MELBOURNE, Australia (AP) Rafael Nadal had a good, hard look at the future before pulling a few tricks from his past to hold it back – for now.
The 14-time Grand Slam winner, still recovering from a couple of months off with an injured left wrist, rallied for a 4-6, 6-3, 6-7 (5), 6-3, 6-2 win over German teenager Alexander Zverev on Saturday to reach the fourth round of the Australian Open.
The 30-year-old Spaniard finished stronger in the 4-hour, 6-minute match on Rod Laver Arena as Zverev, widely touted as a Grand Slam champion of the future, tightened up with cramping and nerves.
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”I enjoyed a lot this great battle. I was losing the last couple of times in the fifth set and I said to myself, `today’s the day,”’ said ninth-seeded Nadal, who had lost eight of the previous nine times he’d trailed 2-1 in a best-of-five set match.
Nadal attributed his superior finish to the experience of 236 previous matches in the majors.
”Well, fighting – and running a lot,” Nadal said, when asked to explain how he pulled off the win. ”I think you know, everybody knows how good Alexander is – he’s the future of our sport and the present, too.”
This was 19-year-old Zverev’s 15th Grand Slam match.
”Now I’m disappointed, but I know that this was a great match,” he said. ”That was a great fight.
”He’s probably one of the fittest tennis players in the history of the game, so… there are a lot of positives in this match.”
Nadal finished with 43 winners and 34 unforced errors, while Zverev – hitting harder, using a wider array of shots and trying more to find the lines – had 58 winners and 74 unforced errors.
Serena Williams has done it more easily, reaching the fourth round without dropping a set to stay on course in her bid for a record 23rd Grand slam title. Williams beat fellow American Nicole Gibbs 6-1, 6-3 and didn’t face a break point until she was serving for the match.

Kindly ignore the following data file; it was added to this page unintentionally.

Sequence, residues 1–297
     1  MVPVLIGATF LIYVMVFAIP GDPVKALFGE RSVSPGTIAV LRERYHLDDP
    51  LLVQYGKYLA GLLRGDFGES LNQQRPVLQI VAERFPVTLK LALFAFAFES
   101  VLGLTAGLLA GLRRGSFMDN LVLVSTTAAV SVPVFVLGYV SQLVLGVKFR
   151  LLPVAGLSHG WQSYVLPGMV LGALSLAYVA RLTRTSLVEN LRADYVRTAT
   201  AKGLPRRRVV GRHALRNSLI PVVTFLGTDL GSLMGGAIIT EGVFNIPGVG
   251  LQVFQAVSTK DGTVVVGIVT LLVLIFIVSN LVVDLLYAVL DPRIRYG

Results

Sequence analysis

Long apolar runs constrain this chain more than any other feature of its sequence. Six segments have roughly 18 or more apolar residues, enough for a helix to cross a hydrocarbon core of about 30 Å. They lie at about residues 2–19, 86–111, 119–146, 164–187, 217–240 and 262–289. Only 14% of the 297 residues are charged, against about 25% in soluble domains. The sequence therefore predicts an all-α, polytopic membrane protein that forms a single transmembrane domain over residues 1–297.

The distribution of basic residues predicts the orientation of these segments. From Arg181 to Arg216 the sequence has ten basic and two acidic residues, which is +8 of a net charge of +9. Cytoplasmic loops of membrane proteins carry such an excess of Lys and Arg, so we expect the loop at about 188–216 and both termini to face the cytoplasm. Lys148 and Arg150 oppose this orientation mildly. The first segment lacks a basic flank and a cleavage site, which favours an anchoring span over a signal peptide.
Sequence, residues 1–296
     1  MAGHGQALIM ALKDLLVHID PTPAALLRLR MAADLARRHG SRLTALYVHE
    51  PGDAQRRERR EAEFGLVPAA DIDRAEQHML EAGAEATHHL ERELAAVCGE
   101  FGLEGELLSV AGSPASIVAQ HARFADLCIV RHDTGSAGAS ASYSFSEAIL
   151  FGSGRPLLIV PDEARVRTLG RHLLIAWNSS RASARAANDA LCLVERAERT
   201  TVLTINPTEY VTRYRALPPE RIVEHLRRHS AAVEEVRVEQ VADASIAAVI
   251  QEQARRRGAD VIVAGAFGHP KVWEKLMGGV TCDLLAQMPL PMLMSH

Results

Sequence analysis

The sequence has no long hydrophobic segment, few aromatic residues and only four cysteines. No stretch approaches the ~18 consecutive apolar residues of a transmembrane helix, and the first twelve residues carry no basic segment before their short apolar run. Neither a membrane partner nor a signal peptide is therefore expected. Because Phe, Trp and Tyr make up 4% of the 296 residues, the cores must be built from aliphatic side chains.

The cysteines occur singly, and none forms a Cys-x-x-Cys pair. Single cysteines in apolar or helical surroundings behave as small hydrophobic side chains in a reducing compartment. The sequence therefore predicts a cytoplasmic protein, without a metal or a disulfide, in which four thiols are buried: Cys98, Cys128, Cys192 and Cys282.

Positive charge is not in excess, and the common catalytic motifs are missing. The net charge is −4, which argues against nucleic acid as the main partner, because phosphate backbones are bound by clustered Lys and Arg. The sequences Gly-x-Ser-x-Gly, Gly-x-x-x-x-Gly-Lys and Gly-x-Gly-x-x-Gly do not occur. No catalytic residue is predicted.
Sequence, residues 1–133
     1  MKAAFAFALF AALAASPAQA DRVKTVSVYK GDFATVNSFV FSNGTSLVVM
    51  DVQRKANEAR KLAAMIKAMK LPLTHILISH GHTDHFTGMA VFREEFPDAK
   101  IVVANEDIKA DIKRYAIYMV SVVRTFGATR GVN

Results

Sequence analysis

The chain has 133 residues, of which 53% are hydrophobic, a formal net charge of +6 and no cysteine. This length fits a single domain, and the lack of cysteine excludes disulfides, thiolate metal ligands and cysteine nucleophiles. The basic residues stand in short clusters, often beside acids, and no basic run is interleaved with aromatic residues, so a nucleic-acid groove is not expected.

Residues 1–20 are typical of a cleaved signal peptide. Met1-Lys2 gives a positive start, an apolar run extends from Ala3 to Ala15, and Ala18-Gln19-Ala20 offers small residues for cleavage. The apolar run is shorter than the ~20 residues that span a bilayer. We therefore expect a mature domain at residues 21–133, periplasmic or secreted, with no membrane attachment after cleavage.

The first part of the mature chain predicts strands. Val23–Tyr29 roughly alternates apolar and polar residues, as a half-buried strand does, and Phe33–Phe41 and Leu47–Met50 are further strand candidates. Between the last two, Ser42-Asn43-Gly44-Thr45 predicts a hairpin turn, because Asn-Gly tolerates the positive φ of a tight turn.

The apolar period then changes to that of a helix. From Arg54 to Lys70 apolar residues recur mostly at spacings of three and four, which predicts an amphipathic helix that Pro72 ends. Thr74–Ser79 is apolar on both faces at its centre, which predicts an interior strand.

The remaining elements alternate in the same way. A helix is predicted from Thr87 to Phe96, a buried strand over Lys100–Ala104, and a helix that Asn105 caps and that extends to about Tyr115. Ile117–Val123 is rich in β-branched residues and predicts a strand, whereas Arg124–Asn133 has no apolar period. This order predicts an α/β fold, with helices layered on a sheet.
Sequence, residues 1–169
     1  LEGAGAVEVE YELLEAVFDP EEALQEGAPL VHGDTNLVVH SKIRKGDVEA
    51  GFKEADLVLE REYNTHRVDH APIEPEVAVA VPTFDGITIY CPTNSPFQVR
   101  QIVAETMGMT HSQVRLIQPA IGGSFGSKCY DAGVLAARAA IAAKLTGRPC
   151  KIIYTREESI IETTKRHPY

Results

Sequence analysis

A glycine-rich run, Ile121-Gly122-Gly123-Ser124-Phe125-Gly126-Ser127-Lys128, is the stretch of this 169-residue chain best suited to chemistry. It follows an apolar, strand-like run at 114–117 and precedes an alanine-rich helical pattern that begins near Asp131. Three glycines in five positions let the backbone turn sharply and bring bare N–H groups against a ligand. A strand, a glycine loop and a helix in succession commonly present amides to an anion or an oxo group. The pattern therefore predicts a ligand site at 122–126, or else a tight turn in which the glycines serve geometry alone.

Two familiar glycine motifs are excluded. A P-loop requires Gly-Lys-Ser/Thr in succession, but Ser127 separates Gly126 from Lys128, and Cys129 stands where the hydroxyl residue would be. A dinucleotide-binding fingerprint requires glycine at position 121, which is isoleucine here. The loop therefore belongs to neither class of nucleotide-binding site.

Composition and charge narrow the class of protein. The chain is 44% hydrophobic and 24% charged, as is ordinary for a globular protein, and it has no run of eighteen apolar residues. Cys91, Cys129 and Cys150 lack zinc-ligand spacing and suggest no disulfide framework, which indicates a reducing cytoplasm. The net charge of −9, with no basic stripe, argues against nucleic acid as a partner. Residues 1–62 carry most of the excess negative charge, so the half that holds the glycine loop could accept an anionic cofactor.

Dropping serve in that game was her only lapse in a match that then extended just beyond the hour – to 63 minutes to be precise. The six-time Australian Open champion next faces No. 16 Barbora Strycova.
”I don’t have anything to prove in this tournament here. Just doing the best I can,” Williams said. ”Obviously I’m here for one reason.”
In one of two matches that finished just before midnight, U.S. Open runner-up Karolina Pliskova rallied from 5-1 down in the third set to beat Jelena Ostapenko 4-6, 6-0, 10-8.
Ostapenko twice served for the match and twice she was broken, winning only one point in each game.
In the other, No. 22 Daria Gavrilova beat 12th-seeed Timea Bacsinszky 6-3, 5-7, 6-4 on Rod Laver Arena, meaning the last men’s match – between No. 15 Grigor Dimitrov and No. 18 Richard Gasquet didn’t get started until 11:58 p.m.
Earlier, Wimbledon finalist Milos Raonic reached the fourth round with a 6-2, 7-6 (5), 3-6, 6-3 win over No. 25 Gilles Simon and will next play No. 13 Roberto Bautista Agut, who beat David Ferrer 7-5, 6-7 (6), 7-6 (3), 6-4.
Nadal will get another veteran next after U.S. Open semifinalist Gael Monfils beat Philipp Kohlschreiber 6-3, 7-6 (1), 6-4.
In another gripping five-setter, but on an outside court, wild-card entry Denis Istomin followed his upset win over defending champion Novak Djokovic with a 6-4, 4-6, 6-4, 4-6, 6-2 victory over Pablo Carreno Busta.
No. 8 Dominic Thiem beat Benoit Paire 6-1, 4-6, 6-4, 6-4 to set up a fourth-round match against No. 11 David Goffin, who ended Ivo Karlovic’s run 6-3, 6-2, 6-4.
In other women’s matches, Ekaterina Makarova beat WTA Finals champion Dominika Cibulkova 6-2, 6-7 (3), 6-3.
In a rematch of their fourth-round meeting last year, Makarova will next take on 2016 semifinalist Johanna Konta, who beat former No. 1-ranked Caroline Wozniacki 6-3, 6-1.
Mirjana Lucic-Baroni continued her unlikely run with a 3-6, 6-2, 6-3 win over Maria Sakkari, and so did American qualifier Jennifer Brady.
Before this week, the 34-year-old Lucic-Baroni hadn’t won a match at Melbourne Park since her debut here in 1998. The 19-year gap in between match wins at a Grand Slam tournament broke the record set by Kimiko Date-Krumm.
The 1999 Wimbledon semifinalist next plays No. 116-ranked Brady, who had never played in the main draw of a major before she qualified for this week.
The 21-year-old Brady had a 7-6 (4), 6-2 win over 14th-seeded Elena Vesnina in the first match of the day on Show Court 2.